PLOT SUMMARY: Harry, feeling neglected and resentful at Privet Drive with no news of Voldemort or the Order of the Phoenix, is attacked by a pair of Dementors, which he drives off with his Patronus. Then he is taken to the headquarters of the Order of the Phoenix at No. 12, Grimmauld Place. On his return to Hogwarts, he finds that Dolores Umbridge is Dark Arts instructor but teaches only theory, without practice. She eventually takes over the running of Hogwarts. So Harry begins secretly to instruct a group of students called "Dumbledore's Army" in practical self-defense. Harry has a vision that he is inside a snake biting Arthur Weasley, who ends in St Mungo's Hospital for Magical Maladies and Injuries, where Harry and the Weasleys visit over Christmas. Prof. Snape is supposed to teach Harry Occulmency, to prevent Voldemort from invading his mind. But the lessons go badly until Harry accidentally gets access to Snape's memories of his father' boorish behavior as a young man; Snape refuses to continue the lessons. Hermione gets an interview with Harry published, which alerts people to the facts of Voldemort's return. Hagrid returns from a trip unsuccessfully to enlist the giants on Dumbledore's side, but he brings back with him his half-brother, the giant Grawp. Harry has another vision that Voldemort is torturing Sirius in the Department of Mysteries, but it is an illusion planted by Voldemort to trick Harry into coming there, so he can be forced to retrieve a prophecy concerning himself and Voldemort that the latter wants to know. Harry goes and is trapped by the Death Eaters. A band of the Order of the Phoenix, including Sirius, come to rescue him, but Sirius is killed by his cousin, Bellatrix Lestrange. After Dumbledore gets Harry back to Hogwarts, he explains that the prophecy means that either Harry or Voldemort must kill the other. But that is not predetermination; rather it is a consequence of Voldemort's having identified Harry as the one of whom the ambiguous prophecy spoke, thus forcing Harry to respond or be killed himself.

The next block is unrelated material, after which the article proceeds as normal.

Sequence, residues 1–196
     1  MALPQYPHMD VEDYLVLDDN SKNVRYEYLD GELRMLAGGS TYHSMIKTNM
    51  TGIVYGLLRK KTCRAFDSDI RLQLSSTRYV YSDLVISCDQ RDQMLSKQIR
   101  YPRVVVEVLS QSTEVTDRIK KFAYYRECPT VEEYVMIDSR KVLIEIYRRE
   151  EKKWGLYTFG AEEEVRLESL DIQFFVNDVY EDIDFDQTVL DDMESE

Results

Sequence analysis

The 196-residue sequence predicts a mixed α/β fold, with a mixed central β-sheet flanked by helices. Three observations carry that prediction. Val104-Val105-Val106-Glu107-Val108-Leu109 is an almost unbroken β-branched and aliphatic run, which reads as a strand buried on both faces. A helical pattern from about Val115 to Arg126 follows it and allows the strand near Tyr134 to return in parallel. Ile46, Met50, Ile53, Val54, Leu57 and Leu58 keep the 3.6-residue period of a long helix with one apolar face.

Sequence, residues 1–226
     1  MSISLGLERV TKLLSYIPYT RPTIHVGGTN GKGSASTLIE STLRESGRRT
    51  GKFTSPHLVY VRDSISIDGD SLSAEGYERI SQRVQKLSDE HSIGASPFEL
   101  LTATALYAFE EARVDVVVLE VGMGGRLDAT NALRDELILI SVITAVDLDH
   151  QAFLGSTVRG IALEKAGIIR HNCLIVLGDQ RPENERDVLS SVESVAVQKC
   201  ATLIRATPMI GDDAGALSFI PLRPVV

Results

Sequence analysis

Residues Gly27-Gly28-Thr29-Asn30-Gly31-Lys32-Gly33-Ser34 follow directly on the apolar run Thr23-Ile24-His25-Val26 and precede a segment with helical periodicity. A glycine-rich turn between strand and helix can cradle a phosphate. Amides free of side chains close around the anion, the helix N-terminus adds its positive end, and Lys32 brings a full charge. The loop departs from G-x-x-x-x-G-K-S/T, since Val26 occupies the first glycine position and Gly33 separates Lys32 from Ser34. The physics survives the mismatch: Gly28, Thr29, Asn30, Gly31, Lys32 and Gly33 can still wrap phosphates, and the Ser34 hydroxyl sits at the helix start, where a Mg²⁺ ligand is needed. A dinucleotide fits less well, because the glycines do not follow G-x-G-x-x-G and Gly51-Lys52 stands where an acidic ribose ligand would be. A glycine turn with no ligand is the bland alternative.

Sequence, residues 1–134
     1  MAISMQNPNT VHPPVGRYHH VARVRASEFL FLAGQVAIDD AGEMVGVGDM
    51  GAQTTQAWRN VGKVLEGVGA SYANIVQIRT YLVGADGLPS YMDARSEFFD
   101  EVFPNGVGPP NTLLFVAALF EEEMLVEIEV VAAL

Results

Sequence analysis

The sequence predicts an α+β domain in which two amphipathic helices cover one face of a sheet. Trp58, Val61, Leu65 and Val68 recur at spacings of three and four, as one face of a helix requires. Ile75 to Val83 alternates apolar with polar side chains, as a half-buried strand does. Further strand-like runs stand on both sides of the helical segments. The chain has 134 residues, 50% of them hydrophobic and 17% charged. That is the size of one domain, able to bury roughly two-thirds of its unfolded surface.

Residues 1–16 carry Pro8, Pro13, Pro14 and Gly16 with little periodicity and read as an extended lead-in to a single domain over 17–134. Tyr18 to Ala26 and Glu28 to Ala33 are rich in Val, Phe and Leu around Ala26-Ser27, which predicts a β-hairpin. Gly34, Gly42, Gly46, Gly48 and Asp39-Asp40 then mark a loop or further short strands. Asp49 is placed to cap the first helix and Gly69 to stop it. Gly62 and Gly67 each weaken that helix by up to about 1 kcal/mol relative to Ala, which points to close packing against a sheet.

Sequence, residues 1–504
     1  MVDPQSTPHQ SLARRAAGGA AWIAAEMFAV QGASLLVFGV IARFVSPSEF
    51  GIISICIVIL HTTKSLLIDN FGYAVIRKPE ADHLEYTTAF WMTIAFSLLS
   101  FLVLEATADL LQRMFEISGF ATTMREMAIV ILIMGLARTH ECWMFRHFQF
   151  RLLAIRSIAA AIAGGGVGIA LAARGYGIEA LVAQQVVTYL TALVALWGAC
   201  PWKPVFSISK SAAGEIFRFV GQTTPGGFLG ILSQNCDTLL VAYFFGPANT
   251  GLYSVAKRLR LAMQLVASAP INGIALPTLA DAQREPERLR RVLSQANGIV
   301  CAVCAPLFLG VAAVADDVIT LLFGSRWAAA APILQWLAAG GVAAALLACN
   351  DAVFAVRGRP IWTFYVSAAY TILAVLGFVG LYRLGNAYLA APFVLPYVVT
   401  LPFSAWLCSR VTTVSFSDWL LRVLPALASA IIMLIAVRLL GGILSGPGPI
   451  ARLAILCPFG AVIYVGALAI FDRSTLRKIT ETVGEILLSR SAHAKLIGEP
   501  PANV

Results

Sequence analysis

QUEST: Harry's general quest in this book is to go through his Dark Night of the Soul and particularly to learn what secret weapon Voldemort wants (the prophecy) and why Voldemort has been trying to kill him.